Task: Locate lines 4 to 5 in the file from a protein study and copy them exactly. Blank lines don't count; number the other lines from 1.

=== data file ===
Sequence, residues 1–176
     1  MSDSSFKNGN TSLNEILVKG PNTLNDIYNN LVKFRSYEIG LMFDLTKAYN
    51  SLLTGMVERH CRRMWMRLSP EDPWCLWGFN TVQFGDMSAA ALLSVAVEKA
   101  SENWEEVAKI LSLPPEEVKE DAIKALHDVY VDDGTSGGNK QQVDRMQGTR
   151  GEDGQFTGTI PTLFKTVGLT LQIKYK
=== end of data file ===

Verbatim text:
   101  SENWEEVAKI LSLPPEEVKE DAIKALHDVY VDDGTSGGNK QQVDRMQGTR
   151  GEDGQFTGTI PTLFKTVGLT LQIKYK